Sunday, May 24 Posted in General Dentistry by admin Tagged #Tooth extractions
Badly broken down and un-restorable teeth pose a threat to the surrounding healthy oral soft and hard tissues of your mouth. Hopeless teeth need to be removed from the oral cavity as soon as possible for the preservation of overall structure, function and aesthetics of the individual. Another common condition which warrants tooth extractions involve those teeth which do not have the ability to erupt normally in the oral cavity. Canines and third molars constitute the category of impacted teeth in the mouth and often require surgical interventions to perform their safe removal. Whether the extraction procedure is simple or complex, certain protocol should be followed for the prevention of trauma and adverse post operative consequences.
In order to perform smooth and free of trauma tooth extractions, the dental health care professional will take a complete medical and dental history of the patient followed by comprehensive clinical as well as radiographic examination. All these procedures will provide a guideline for the intended procedure. Following treatment planning, a local anesthetic agent will be instituted to ensure no pain or discomfort to the individual. The whole procedure will be carried out in a calm and comfortable environment using state of the art instruments and techniques. Specific post operative instructions will be provided to minimize the occurrence of complications.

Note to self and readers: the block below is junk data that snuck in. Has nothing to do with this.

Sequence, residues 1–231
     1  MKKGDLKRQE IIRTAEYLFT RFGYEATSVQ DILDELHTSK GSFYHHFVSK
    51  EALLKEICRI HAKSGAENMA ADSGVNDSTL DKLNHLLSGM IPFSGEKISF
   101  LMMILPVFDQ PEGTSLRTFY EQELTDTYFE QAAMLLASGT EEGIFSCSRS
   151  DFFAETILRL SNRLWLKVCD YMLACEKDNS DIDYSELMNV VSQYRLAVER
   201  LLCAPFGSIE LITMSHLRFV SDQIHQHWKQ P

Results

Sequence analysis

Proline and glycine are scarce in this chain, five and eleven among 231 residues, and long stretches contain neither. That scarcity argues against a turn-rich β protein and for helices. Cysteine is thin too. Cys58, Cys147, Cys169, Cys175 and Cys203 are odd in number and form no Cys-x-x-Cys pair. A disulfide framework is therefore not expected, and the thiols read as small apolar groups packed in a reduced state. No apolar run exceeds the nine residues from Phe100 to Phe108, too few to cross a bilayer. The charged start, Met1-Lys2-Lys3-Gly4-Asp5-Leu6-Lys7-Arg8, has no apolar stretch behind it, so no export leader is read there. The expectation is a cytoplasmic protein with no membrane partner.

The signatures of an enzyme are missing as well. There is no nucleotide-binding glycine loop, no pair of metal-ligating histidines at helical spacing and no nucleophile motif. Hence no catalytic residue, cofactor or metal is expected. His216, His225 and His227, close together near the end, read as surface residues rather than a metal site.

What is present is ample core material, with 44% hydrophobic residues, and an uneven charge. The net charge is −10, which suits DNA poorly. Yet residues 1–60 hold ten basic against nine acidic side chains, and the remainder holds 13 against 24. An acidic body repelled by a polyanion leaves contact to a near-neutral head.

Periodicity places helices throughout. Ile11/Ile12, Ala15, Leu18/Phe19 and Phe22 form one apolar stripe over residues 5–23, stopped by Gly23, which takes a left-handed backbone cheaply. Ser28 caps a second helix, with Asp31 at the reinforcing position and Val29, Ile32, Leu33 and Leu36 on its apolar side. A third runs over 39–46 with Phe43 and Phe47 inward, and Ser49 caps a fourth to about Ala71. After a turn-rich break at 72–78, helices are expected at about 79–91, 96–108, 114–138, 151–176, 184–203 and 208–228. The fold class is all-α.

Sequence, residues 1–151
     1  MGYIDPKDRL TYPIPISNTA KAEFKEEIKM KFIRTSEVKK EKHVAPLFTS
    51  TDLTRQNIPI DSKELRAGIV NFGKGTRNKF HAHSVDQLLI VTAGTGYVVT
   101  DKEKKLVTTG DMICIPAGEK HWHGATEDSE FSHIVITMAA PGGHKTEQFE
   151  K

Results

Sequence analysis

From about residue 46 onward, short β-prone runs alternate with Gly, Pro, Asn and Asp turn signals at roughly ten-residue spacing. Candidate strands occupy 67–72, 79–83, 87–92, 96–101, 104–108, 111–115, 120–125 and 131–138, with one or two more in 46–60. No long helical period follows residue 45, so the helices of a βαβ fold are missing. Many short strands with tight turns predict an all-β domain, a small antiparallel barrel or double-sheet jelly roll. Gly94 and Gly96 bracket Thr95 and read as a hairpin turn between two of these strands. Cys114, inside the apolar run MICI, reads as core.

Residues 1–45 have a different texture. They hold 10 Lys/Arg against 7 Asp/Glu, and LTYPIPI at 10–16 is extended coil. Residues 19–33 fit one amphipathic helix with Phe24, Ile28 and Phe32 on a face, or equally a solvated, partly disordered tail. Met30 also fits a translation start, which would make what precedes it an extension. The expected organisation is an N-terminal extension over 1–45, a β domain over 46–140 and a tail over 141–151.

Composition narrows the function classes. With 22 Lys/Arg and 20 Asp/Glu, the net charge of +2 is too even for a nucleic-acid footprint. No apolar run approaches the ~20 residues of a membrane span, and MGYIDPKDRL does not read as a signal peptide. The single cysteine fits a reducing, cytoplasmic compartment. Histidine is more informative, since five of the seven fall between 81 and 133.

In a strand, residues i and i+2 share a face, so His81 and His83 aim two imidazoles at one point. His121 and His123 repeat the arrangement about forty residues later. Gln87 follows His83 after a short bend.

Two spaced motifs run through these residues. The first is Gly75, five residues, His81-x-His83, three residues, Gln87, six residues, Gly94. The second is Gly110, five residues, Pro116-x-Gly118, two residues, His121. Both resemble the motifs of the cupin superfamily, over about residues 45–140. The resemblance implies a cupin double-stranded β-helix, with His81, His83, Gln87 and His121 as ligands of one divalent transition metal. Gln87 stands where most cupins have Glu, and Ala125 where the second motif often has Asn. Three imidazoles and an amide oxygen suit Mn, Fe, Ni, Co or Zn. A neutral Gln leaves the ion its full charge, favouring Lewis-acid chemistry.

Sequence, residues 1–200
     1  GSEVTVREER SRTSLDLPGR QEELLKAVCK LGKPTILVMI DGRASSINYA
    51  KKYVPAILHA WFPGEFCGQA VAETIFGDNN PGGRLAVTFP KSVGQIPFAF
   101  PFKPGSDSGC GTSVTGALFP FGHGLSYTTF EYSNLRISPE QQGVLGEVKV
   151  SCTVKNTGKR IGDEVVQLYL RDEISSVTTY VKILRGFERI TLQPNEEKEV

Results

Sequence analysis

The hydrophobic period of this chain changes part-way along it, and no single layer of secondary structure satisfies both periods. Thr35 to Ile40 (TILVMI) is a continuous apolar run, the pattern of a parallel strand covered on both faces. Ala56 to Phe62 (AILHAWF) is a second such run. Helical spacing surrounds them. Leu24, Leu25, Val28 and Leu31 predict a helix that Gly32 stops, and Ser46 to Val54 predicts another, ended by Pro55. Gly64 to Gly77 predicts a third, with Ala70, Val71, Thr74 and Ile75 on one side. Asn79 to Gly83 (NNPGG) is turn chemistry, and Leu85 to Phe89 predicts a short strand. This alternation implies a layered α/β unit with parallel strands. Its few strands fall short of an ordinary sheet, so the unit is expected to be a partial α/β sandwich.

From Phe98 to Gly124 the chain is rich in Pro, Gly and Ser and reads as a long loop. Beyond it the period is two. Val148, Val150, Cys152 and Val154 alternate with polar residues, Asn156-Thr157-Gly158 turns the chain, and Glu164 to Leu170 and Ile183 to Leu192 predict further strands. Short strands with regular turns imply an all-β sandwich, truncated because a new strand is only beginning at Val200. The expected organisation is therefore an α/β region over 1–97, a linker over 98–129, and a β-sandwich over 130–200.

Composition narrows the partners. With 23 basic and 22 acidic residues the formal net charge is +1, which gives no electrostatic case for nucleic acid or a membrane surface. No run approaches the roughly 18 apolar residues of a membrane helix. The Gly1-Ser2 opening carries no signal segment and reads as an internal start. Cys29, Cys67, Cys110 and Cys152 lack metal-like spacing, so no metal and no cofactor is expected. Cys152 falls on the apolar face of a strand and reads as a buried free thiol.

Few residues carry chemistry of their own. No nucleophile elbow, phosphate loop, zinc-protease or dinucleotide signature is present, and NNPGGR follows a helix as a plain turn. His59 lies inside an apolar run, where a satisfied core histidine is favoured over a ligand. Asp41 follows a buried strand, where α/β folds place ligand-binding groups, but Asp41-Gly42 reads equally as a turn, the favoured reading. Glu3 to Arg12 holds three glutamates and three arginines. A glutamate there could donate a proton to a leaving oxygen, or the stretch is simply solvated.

Also called exodontia or tooth-pulling, dental extraction is the process of completely removing a tooth from its socket. Tooth extractions are performed as a last resort when a tooth is too badly damaged to be saved by other types of dental treatment. A simple extraction refers to the removal of a tooth that is visible in the mouth. Surgical extractions are performed on teeth that are buried beneath gum tissues, such as impacted wisdom teeth. In some cases, teeth are removed to resolve crowding issues.
Before a dental extraction, your dentist will record your medical history carefully. You may receive antibiotics if you have a heart murmur, weak immune system, or infection is likely. You’ll also have the opportunity to discuss anesthesia and sedation options such as local anesthetic injection, nitrous oxide, oral sedation, and general anesthesia.
For simple tooth extractions, you’ll receive an injection of local anesthetic in your jaw or gums. Once the area is numb, the dentist will grasp the tooth with extraction forceps and gently rock is back and forth to loosen it. Other tools may be used to help remove the tooth. You may feel pressure, but you should not feel any pain. A surgical extraction is more complicated, but you will probably be under general anesthesia and will not remember the process. After the procedure, you’ll be given a set of specific instructions concerning aftercare, diet and oral hygiene. To ensure a smooth recovery, follow all instructions carefully.